Adventure 3: the PCs will have had the opportunity in the last adventure to obtain several clues and will have faced off against 2 of the three hooks intertwined with one another. While trying to gather info/process the clues or what not, a noble family in town invites them to yet another party. While there the party, taking place in the nobles' private cemetery, is attacked by undead. A trip to the crypt is in order where fey have invaded the crypt and created a little dungeon on the fly.
Adventure 4: the clues and info needed from adventure 2 come together. Either the PCs should have it figured out or they will be told that one of the 3 potential antagonists from adv 2 (ratfolk rogues, dire rats or a thawn) escaped into the Gnarl and that several pretty young girls have seemingly gone missing. At the same time there have been more brute attacks. Following any of these facts will inevitably lead the party in to Gnarl a second time on the trail of an adept wererat named Shara Mooncrazed.
Adventure 5: having fought your way through down one path or another to the fey-haunted copse where Shara has been you find her missing. However a gang of thawns has kidnapped your Lantern Watch buddy while you've been away. You head into the sewers beneath the town to rescue him.
Adventure 6: the PCs have had enough cat-and-mouse. They got to physically see Shara last adventure but lost her in one of the battles. Now its time to take the battle to her. There will have been clues along the way however, from her father's empassioned plea to spare her in a previous adventure to the fact that kids she turned into rats in adventure 2 were actually her tormentors, that lead you to believe she may just be misguided, not evil. This deduction is not needed to end the adventure but can grant an XP boon if they instead offer Shara a chance at redemption before destruction.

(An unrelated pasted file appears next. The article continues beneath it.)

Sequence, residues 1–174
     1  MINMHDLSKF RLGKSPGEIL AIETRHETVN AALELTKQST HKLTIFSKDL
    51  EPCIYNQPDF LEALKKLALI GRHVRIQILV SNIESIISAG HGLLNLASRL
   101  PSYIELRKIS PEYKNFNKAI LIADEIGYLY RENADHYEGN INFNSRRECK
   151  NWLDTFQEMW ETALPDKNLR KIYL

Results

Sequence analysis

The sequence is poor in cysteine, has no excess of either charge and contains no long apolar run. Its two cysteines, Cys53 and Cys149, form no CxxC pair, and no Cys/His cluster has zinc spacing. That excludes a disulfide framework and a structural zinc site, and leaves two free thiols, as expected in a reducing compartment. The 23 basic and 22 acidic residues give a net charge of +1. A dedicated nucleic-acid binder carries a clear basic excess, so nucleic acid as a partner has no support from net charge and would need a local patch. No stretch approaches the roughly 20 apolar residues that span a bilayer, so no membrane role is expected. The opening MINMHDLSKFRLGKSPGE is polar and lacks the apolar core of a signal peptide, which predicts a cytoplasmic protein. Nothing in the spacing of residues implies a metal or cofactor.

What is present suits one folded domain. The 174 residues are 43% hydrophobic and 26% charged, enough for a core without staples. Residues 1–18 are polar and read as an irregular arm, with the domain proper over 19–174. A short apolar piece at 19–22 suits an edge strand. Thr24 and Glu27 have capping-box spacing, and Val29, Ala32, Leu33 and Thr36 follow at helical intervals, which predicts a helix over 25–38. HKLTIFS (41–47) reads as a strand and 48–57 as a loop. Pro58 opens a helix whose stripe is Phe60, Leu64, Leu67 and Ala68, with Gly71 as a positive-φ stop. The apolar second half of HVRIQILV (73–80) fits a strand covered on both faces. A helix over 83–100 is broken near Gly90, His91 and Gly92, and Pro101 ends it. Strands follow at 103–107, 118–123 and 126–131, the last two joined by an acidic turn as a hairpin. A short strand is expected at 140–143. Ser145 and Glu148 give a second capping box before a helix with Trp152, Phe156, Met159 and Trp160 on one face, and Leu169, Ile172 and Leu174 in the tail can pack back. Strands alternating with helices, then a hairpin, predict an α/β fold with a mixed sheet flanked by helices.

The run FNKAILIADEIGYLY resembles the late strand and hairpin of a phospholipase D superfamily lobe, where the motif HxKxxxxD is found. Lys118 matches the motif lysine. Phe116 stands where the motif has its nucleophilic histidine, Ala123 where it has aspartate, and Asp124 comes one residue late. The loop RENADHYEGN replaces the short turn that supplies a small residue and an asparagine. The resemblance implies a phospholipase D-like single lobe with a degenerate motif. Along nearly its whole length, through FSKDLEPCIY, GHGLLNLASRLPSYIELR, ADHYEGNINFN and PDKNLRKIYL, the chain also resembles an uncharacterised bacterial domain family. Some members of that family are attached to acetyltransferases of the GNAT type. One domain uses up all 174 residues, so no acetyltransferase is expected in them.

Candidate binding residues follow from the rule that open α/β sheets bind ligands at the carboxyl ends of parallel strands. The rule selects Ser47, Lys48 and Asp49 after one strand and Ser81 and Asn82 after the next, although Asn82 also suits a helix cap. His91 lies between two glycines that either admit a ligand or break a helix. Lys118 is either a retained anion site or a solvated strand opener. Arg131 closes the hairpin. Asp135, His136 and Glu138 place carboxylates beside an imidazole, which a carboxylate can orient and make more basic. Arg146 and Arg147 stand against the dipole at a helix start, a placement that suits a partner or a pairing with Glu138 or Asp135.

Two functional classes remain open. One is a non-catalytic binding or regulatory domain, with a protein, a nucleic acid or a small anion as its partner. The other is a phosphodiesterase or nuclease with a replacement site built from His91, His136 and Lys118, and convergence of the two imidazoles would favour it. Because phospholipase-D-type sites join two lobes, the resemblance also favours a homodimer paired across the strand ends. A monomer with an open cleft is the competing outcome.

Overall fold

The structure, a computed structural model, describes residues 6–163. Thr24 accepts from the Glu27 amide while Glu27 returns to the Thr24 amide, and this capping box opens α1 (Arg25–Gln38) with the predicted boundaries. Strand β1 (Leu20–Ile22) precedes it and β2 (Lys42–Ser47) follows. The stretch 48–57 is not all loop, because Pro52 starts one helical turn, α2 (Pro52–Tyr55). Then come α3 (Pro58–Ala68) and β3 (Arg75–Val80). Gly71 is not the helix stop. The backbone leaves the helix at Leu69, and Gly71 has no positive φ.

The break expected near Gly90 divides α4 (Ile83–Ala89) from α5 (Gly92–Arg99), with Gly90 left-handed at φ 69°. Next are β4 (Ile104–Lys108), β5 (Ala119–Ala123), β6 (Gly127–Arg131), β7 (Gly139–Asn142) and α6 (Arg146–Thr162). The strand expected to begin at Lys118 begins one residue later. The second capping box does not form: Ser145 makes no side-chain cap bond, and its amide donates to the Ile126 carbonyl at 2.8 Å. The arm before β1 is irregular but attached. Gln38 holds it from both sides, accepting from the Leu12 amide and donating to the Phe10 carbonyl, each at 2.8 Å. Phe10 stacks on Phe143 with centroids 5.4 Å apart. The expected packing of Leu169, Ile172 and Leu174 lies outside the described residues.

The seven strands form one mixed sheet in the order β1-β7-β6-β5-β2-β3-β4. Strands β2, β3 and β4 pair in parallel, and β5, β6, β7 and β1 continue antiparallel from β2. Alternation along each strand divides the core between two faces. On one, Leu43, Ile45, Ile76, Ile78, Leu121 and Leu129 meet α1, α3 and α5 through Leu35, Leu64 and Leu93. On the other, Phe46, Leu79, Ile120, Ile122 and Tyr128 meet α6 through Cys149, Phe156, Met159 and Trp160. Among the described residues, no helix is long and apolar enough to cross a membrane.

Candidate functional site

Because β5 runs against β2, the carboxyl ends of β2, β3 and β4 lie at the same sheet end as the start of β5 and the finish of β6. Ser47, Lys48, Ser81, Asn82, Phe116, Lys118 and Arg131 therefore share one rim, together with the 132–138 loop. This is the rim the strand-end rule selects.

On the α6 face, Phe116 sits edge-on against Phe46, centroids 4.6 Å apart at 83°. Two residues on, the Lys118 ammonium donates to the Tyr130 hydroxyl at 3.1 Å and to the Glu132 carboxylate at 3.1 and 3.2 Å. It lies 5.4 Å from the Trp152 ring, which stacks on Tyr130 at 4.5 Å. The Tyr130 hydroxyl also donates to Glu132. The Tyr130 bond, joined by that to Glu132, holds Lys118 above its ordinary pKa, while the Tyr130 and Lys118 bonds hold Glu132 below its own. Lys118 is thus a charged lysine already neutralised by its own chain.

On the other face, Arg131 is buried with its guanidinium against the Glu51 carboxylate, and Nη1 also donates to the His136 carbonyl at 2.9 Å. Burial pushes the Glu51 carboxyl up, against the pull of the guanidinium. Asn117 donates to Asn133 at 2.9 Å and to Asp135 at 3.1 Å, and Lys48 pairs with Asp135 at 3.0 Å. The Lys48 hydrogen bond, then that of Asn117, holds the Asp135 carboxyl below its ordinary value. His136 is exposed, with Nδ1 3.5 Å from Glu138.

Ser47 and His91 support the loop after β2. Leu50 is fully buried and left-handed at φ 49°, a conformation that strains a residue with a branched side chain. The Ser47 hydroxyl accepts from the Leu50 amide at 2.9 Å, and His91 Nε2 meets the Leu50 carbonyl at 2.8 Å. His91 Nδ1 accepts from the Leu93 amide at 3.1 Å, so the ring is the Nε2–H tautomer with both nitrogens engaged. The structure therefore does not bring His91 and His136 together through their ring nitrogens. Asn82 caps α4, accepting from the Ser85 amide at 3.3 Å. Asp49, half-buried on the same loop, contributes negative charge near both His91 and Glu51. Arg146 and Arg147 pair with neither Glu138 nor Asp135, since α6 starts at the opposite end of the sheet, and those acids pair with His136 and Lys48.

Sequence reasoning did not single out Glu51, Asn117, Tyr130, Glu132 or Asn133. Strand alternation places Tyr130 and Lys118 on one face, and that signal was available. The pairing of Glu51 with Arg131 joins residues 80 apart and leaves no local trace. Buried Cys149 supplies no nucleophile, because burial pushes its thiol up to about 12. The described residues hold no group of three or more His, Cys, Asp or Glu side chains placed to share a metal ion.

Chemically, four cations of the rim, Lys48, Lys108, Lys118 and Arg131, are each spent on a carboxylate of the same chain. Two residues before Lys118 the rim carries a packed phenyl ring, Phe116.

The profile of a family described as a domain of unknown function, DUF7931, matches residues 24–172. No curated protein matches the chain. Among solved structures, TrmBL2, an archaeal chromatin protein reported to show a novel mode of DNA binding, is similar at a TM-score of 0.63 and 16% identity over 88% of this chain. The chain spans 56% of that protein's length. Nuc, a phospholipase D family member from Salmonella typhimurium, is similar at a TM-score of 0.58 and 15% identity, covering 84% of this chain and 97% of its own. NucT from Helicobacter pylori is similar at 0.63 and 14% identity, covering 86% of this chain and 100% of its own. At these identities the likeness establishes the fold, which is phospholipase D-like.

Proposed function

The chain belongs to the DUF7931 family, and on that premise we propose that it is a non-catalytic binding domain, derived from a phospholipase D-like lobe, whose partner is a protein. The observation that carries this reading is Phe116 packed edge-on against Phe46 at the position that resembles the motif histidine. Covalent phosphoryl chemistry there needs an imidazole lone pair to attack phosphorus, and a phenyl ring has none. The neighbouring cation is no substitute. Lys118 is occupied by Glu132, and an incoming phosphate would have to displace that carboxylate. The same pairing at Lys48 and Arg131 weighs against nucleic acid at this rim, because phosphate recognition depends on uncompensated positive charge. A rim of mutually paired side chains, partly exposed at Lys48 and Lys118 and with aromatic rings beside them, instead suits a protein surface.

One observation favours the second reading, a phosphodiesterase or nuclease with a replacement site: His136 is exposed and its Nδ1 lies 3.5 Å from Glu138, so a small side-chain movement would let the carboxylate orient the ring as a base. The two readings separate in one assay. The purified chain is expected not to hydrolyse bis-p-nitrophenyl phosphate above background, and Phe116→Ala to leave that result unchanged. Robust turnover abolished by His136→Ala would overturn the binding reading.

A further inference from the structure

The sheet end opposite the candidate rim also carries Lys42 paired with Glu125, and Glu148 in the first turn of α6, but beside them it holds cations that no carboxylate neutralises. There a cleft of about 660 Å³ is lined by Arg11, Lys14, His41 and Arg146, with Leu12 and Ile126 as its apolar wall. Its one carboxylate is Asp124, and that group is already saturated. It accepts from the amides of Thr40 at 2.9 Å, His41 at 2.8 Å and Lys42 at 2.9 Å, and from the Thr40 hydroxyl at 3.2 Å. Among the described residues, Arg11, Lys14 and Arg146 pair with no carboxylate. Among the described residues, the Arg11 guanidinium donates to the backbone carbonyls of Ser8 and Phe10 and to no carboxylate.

So...tips and tricks right? Well, here's 1 tip that goes w/what Ny said above: figure out what the PCs are going to use the town for.
If you don't know, or if the party will be using the town for little more than a campsite, then create small, detail little. That way if their interests change for some reason you can always add more later.
If however you intend the place to be a focal point of adventure, then design the features your characters will need. Are you using optional training rules for advancement? If so - provide training facilities. Is the PC cleric RP'd as a hardcore zealot? If so SOME kind of religious institution is in order.
As described above, I like to give the place a hook; some reason for the PCs to care about THIS settlement above others. As demographics go, even a scattered low-settlement region should have a village every 5 miles. In that sense if you have a 30 mile hex you determined to be settled, it could conceivably have 36 villages and towns scattered around it. Why then, as the party crosses through an endless sea of disgruntled serfs, rolling fields and rural churches, should the place you wrote up matter?
Griffons watching over the town from the surrounding hills? An active volcano under the Cathedral of Asmodeus? A wizard's tower forever enshrouded by purple thunderheads? Any of these and more.